Topical class I corticosteroids in 10 patients with bullous pemphigoid: correlation of the outcome with the severity degree of the disease and review of the literature
Article first published online: 19 FEB 2004
Journal of the European Academy of Dermatology and Venereology
Volume 18, Issue 2, pages 164–168, March 2004
How to Cite
Stockman, A., Beele, H., Vanderhaeghen, Y. and Naeyaert, J. (2004), Topical class I corticosteroids in 10 patients with bullous pemphigoid: correlation of the outcome with the severity degree of the disease and review of the literature. Journal of the European Academy of Dermatology and Venereology, 18: 164–168. doi: 10.1111/j.1468-3083.2004.00870.x
- Issue published online: 19 FEB 2004
- Article first published online: 19 FEB 2004
- Received: 6 August 2002, accepted 12 March 2003
- bullous pemphigoid;
- topical corticosteroids;
- severity degree;
Background Treatment of bullous pemphigoid (BP) with systemic immunosuppressive agents, in particular with systemic corticosteroids, has many long-term side-effects. A dozen reports were published regarding the efficacy of topical corticosteroids in the treatment of bullous pemphigoid.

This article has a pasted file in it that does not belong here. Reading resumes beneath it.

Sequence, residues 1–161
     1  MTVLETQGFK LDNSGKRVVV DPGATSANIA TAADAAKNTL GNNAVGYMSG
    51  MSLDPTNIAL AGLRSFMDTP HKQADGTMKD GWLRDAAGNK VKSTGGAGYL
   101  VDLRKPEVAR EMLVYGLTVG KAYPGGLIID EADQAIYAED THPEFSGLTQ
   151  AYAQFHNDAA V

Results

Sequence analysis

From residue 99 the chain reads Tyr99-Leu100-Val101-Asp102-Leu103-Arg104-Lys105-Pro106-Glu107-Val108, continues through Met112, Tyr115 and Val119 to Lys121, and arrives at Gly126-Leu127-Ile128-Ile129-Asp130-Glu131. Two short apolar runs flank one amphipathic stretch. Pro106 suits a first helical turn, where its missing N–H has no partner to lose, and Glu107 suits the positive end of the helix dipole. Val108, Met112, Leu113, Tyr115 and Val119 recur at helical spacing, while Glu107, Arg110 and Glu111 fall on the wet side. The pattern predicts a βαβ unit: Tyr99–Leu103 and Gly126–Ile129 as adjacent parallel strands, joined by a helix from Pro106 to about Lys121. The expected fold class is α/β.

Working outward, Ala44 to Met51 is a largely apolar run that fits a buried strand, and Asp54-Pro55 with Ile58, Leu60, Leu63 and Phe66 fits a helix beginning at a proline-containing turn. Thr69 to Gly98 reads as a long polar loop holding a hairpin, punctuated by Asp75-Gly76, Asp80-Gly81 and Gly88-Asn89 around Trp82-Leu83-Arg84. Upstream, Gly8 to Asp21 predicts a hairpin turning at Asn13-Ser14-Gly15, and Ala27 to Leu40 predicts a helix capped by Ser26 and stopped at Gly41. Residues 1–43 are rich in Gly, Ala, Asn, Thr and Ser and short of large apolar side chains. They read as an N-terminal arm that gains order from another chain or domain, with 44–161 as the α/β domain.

Objective To evaluate the efficacy of potent class I topical corticosteroids in relation to the affected body surface area (BSA) in patients with bullous pemphigoid and to review the literature.
Methods An open prospective trial with 10 patients with BP with measurement of the affected BSA. Treatment protocol consisted of three steps: potent class I topical corticosteroid treatment, systemic tetracyclines and systemic corticosteroids. Follow-up period was between 24 and 72 months.
Results Our study suggests a correlation between the success rate of topical corticosteroid treatment and the body surface area initially affected: all patients with an affected BSA of less than 20% healed with topical treatment only. The patients with more than 40% affected BSA needed systemic treatment with steroids.
Conclusion Topical class I corticosteroids seem to be effective in healing lesions of BP, especially if less than 20% of the BSA is affected. This study comprises only 10 patients, making further studies necessary to draw definite conclusions.